USC rarely breaks from routine in its practice format.
But continuing problems converting third downs have forced the 11th-ranked Trojans to double their emphasis this week as they prepare for Saturday's game against No. 25 Stanford at the Coliseum.
"It calls for at least that amount of attention at this point," Coach Pete Carroll said after Wednesday's workout.
The Trojans' 32% conversion rate though nine games ranks 106th among 120 major college teams.
In last week's 14-9 victory at Arizona State, USC was two for 13 on third down and the offense produced only one touchdown.
"That starts with me," said Jeremy Bates, the Trojans' first-year quarterbacks coach and play-caller.
Tight end Anthony McCoy and fullback Stanley Havili did not play in most of the last three games.
Bates, however, refused to blame injuries for the struggles of an offense that has sputtered on third down and was outgained by Oregon State, Oregon and Arizona State.
While penalties and dropped passes have been problematic, quarterback Matt Barkley's play is not an issue, according to Bates.
"I think Matt's playing great, I really do," Bates said. "We've got to give him a chance -- we've got to call the right plays for him and give him opportunities.
"The guy's a stud. . . . We've got to protect a little better for him, but he's doing everything we ask."
Still, Barkley has obviously struggled. In the last six quarters, the freshman has completed 12 of 38 passes for 161 yards and a touchdown, with two interceptions.
"Stats are for someone that just looks at a stat sheet," Bates said. "We're watching the film. We're watching what he does on the field grading him every play."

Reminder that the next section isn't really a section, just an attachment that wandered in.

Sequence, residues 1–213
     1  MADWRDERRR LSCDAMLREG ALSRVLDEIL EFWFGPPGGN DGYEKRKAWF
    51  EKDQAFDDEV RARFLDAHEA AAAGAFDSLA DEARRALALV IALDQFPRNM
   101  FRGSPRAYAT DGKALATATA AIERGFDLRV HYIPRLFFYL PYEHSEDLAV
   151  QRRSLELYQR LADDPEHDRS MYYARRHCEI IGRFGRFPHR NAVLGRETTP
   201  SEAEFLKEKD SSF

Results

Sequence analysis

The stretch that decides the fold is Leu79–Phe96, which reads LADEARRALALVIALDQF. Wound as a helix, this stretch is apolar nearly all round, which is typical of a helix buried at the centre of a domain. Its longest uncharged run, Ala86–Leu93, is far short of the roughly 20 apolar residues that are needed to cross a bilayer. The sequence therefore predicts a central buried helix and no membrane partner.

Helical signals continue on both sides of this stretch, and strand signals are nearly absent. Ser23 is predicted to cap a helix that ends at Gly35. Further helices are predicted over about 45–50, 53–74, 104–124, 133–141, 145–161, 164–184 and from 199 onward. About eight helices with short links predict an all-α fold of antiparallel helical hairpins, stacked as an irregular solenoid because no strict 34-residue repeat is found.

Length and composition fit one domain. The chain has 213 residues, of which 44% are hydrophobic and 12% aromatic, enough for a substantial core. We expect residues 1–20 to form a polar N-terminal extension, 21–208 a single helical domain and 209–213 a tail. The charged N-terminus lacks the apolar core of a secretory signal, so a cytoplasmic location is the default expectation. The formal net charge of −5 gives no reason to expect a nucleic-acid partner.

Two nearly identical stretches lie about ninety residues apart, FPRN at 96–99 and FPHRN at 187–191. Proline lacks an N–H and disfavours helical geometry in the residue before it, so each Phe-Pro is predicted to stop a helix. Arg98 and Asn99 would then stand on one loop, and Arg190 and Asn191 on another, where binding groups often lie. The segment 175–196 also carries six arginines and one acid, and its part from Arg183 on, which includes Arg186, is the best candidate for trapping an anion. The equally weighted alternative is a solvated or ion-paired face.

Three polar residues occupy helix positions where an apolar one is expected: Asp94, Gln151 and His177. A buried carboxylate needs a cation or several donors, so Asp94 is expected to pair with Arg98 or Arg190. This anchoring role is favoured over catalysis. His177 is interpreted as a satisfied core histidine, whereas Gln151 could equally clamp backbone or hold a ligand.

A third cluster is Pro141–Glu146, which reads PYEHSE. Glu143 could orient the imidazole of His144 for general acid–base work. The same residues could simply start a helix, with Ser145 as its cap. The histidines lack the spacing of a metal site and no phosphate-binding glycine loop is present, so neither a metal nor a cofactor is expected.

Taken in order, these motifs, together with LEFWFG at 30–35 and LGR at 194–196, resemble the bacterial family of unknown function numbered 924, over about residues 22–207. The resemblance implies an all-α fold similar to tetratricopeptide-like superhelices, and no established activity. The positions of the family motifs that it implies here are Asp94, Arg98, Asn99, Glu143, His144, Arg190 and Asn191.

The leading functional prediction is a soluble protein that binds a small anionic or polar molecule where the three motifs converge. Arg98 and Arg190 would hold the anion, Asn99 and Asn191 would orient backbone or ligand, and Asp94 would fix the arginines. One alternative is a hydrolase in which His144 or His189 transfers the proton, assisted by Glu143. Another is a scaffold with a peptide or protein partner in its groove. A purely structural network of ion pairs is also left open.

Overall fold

Havili's return to the starting lineup could help improve the Trojans' third-down performance against Stanford.
If McCoy is sufficiently recovered from a high ankle sprain, he also would add an important dimension.
But regardless of personnel, the Trojans must execute more precisely against a Stanford team coming off an impressive victory over Oregon.
"You try to find your things you can really count on doing well," Carroll said, "and you make sure you call them in situations where you have a chance to get 'em to work."
With Michael Morgan nursing a chipped bone in his wrist, freshman Devon Kennard could play significant snaps or possibly start at strong-side linebacker.
The 6-foot-3, 255-pound Kennard has played defensive end since training camp and started at that spot for the first time last week against Arizona State.
But with Morgan hurt and Jarvis Jones still sidelined because of a neck injury, Kennard has been working at linebacker.
"He's a hammer out there," Carroll said.
Kennard is excited about the move, which requires him to utilize pass-coverage skills only occasionally called for as an end.
"I've gotten better at it and have a way better understanding of it," he said. "I feel like I'll be fine."
Defensive end Everson Griffen (toe), linebacker Malcolm Smith (shoulder) and receiver Brandon Carswell (toe) completed most of practice. All are expected to be available in some capacity for Saturday's game, Carroll said. Receiver Damian Williams (ankle) did not practice and remains doubtful.